Welcome to the first installment of a new Café Futebol series – The Research Roundup. In these posts, we take a long look at the newest and most interesting soccer literature and let you know what’s going on. We walk through the papers and then highlight key insights and concerns we have. 

In the first installment, we’ll take a closer look at research on three major questions:

  1. Is there an optimal substitution strategy?
  2. Will Financial Fair Play be good or bad for your Premier League team?
  3. Does sacking your manager really lead to a temporary increase in performance?

If you have a paper you’d like us to cover, send us an email through the Contact Us page or reach me at @Cafefutebol on twitter!

Is there an optimal substitution strategy?

Paper Information:

  • Title: A Proposed Decision Rule for the Timing of Soccer Substitutions
  • Author, Institution: Bret R. Myers, Villanova University
  • Journal: Journal of Quantitative Analysis in Sports
  • Date of Publication:  March, 2012
  • Link to Paper

The flow of soccer makes it difficult for managers to have a direct impact on the outcome of the match. Once the first whistle blows, the game is, for the most part, decided entirely by the players on the field. The manager is left with only a handful of options should the game go sour. A half-time motivational speech or a slight tactical adjustment may be of importance, but any major changes lie in the substitutions made. These three players remain the manager’s most critical in-game decision for affecting the outcome of a game.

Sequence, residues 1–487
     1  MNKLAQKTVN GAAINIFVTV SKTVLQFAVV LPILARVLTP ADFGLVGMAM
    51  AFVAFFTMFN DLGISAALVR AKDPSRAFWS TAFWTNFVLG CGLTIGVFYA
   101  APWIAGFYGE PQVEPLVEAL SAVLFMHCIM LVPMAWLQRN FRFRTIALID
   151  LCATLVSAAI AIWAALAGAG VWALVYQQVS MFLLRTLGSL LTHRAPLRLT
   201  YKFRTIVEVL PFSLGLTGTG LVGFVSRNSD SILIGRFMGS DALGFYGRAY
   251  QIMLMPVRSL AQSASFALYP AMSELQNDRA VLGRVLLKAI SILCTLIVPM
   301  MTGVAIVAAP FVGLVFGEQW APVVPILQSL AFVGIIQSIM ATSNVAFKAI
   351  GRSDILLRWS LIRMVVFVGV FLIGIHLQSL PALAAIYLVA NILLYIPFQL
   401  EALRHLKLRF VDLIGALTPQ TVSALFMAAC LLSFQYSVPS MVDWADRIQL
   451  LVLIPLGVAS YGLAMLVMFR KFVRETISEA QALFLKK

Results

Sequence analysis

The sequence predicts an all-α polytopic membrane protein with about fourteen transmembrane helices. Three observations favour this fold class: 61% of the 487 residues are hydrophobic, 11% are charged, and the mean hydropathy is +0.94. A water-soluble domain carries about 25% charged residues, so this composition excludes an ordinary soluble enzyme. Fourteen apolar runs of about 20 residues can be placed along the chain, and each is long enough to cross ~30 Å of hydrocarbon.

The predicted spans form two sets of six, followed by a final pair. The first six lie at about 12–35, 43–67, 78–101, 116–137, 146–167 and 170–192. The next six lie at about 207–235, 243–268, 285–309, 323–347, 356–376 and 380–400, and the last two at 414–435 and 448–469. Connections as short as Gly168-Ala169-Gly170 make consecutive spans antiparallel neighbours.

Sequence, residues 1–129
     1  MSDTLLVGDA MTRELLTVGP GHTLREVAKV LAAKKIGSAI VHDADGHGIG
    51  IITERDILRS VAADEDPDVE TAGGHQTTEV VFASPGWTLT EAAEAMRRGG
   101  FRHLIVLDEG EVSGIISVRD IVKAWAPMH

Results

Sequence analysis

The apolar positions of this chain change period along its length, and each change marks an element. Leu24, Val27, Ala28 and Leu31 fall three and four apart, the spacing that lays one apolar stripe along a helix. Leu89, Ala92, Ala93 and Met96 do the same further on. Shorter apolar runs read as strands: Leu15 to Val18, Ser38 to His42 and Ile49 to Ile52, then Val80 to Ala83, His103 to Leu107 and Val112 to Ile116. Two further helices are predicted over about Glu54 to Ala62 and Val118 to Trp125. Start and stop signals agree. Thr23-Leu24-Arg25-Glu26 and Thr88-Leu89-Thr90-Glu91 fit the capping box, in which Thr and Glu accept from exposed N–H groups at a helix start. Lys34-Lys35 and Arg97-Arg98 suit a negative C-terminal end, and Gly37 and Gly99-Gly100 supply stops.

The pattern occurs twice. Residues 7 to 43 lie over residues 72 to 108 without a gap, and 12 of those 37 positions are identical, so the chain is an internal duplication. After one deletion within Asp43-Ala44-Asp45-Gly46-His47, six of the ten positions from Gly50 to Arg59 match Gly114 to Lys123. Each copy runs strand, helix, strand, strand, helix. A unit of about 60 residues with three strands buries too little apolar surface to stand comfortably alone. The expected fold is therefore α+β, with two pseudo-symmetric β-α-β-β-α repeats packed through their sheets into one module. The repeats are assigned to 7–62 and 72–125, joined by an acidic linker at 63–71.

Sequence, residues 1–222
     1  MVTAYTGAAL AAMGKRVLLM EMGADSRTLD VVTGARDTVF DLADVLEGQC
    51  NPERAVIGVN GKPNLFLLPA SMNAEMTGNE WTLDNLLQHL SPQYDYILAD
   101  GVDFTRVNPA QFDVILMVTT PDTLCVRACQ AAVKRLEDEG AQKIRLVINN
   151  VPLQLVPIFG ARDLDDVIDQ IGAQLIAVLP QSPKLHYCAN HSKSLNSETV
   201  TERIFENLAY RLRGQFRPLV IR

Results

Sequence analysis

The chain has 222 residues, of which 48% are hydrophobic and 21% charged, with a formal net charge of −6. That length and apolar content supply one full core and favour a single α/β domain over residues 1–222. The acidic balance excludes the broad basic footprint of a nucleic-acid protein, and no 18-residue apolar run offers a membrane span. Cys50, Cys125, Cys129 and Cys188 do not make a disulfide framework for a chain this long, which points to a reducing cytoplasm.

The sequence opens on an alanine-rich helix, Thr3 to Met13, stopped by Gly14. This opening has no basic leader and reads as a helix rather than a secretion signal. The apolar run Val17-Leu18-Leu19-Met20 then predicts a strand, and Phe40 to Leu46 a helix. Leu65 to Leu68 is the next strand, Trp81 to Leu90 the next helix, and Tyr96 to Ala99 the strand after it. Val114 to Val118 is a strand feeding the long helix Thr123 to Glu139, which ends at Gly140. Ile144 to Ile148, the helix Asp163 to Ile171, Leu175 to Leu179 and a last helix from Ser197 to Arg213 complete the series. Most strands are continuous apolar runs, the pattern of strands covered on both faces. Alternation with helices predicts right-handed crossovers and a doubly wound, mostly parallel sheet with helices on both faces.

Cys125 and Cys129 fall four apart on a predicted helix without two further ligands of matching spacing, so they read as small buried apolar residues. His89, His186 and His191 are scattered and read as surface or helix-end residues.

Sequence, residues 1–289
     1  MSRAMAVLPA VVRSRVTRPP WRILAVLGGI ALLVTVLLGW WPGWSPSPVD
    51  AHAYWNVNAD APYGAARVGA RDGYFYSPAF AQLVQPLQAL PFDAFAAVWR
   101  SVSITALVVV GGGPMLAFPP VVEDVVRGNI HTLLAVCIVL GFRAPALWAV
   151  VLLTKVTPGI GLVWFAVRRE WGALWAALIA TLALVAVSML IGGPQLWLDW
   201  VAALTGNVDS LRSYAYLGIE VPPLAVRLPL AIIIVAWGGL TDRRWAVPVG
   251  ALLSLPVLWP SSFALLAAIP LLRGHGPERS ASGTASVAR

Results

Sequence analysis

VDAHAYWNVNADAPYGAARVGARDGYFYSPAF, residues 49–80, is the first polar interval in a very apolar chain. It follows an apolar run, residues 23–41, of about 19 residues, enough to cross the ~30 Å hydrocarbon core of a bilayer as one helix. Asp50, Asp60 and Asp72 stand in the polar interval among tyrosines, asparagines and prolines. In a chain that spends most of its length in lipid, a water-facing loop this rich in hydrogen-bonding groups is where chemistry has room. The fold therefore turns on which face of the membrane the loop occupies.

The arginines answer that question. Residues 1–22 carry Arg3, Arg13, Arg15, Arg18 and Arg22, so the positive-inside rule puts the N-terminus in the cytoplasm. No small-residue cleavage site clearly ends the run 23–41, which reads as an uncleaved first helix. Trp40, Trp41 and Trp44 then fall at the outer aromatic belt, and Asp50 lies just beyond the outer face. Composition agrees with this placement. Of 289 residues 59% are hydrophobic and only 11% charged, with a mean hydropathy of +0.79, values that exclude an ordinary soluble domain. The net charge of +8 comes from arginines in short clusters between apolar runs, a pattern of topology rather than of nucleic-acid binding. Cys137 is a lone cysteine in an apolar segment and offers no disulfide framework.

It’s quite surprising then that very little progress has been made on optimal substitution strategy – until now. Bret Myers, an assistant professor of management and operations at the Villanova School of Business, seeks to fill this gap. In his paper, he sets out on inventing the first practical use of academic substitution research for managers’ use. Using data from the major European leagues, the MLS, and the 2010 World Cup, Myers describes his optimal substitution strategy (dubbed the “Decision Rules”):

Proposed Decision Rule:

  • If down at half time
    • Make 1st sub prior to 58th minute
    • Make 2nd sub prior to 73rd minute
    • Make 3rd sub prior to 79th minute
  • If tied or ahead
    • Sub at will

Myers writes:

As the game approaches the first critical point of the 58th minute, a coach should make at least the first substitute if behind. As the game approaches the next critical point of the 73rd minute, if still behind, a coach should make at least the 2nd substitute. If the team is able to equalize or go ahead once the critical point is reached, then it is allowable for the 2nd substitute to be withheld. However, if the team returns to a state of being behind prior to the last critical point of the 79th minute, then a coach should use both the 2nd and 3rd substitution prior to the 79th minute. If a team that was previously tied or ahead falls behind after the 80th minute, there is no specific recommendation on how a coach should use the remaining substitutes if still available.